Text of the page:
Active Comparator: Neonatal Health Promotion Behavioral: Neonatal Health Promotion
Mothers will receive an essential neonatal care package with information on clean delivery, hypothermia prevention, breastfeeding counseling, umbilical cord care, and identification of neonatal danger signs.

Detailed Description:

In high neonatal mortality settings, about half of neonatal deaths are estimated to occur because of infectious syndromes such as sepsis, acute respiratory infection, neonatal tetanus, and diarrhea. Promoting handwashing to mothers in the post-neonatal period has been shown to reduce the risk of pneumonia and diarrhea among infants > 28 days old but there is little information on the protective effect of handwashing for neonatal health outcomes. The proposed study will assess motivators and barriers to handwashing with soap among new mothers, and develop and test a hand cleansing promotion intervention in rural Bangladesh. The handwashing behavior change intervention will include approaches to enhance maternal expectations of being a good nurturer, as well as enhancing maternal self-efficacy to carry out handwashing behavior.

  Eligibility

Genders Eligible for Study:   Female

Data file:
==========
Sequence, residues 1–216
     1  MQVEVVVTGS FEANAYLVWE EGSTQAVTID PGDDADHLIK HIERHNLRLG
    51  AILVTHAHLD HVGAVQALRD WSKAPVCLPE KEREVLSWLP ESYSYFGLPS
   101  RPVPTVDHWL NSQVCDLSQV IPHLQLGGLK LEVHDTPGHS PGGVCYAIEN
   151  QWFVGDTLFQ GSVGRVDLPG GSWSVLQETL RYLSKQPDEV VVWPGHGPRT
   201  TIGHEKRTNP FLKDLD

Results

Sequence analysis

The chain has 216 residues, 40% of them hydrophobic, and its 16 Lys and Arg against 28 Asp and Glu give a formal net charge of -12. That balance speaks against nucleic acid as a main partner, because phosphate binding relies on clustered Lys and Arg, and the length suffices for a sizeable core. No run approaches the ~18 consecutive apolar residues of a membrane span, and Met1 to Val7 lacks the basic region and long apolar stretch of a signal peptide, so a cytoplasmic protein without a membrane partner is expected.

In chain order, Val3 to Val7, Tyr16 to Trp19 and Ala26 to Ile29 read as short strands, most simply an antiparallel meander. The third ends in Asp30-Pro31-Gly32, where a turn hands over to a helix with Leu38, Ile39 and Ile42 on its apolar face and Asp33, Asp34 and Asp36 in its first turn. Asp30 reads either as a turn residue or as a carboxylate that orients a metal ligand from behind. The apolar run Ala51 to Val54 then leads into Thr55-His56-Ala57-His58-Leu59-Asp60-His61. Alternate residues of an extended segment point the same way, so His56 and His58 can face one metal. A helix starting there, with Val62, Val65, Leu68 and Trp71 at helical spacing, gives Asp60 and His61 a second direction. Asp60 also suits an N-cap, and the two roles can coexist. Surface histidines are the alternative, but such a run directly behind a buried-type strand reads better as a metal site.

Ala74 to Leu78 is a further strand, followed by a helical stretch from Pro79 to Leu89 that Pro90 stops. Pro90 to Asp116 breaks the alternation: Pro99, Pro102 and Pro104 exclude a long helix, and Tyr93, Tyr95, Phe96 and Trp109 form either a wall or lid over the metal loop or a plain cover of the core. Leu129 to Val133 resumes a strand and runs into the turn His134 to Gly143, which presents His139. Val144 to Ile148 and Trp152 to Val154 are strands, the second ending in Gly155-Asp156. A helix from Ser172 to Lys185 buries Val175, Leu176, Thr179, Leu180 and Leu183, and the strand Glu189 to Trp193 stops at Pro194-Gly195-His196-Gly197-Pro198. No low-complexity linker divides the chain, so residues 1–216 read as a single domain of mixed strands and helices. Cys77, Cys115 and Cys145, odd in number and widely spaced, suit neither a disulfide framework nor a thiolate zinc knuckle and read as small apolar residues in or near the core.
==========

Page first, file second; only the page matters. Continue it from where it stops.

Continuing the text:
Accepts Healthy Volunteers:   No
Criteria

Inclusion Criteria:

  • Primiparous women who plan to remain in the study area up to 1 months after birth

Exclusion Criteria:

  • Prior live birth
  Contacts and Locations
Choosing to participate in a study is an important personal decision. Talk with your doctor and family members or friends about deciding to join a study. To learn more about this study, you or your doctor may contact the study research staff using the Contacts provided below. For general information, see Learn About Clinical Studies.

Please refer to this study by its ClinicalTrials.gov identifier: NCT01309321

Locations
Bangladesh
ICDDR,B
Matlab, Bangladesh
Sponsors and Collaborators
International Centre for Diarrhoeal Disease Research, Bangladesh
State University of New York at Buffalo
Investigators
Principal Investigator: Sharifa Nasreen, MBBS, MPH International Centre for Diarrhoeal Disease Research, Bangladesh
Principal Investigator: Pavani K. Ram, MD State University of New York at Buffalo
  More Information

No publications provided

Responsible Party: International Centre for Diarrhoeal Disease Research, Bangladesh
ClinicalTrials.gov Identifier: NCT01309321     History of Changes
Other Study ID Numbers: PR-10036
Study First Received: October 7, 2010
Last Updated: March 12, 2014
Health Authority: Bangladesh: Ethical Review Committee

Keywords provided by International Centre for Diarrhoeal Disease Research, Bangladesh:
Perinatal
Handwashing
Neonatal
Morbidity
Mortality
Primiparous
Health behavior
Developing countries
Sepsis
Omphalitis
Infectious disease
Bangladesh

Additional relevant MeSH terms:
Sepsis
Infection
Systemic Inflammatory Response Syndrome
Inflammation
Pathologic Processes

ClinicalTrials.gov processed this record on July 20, 2014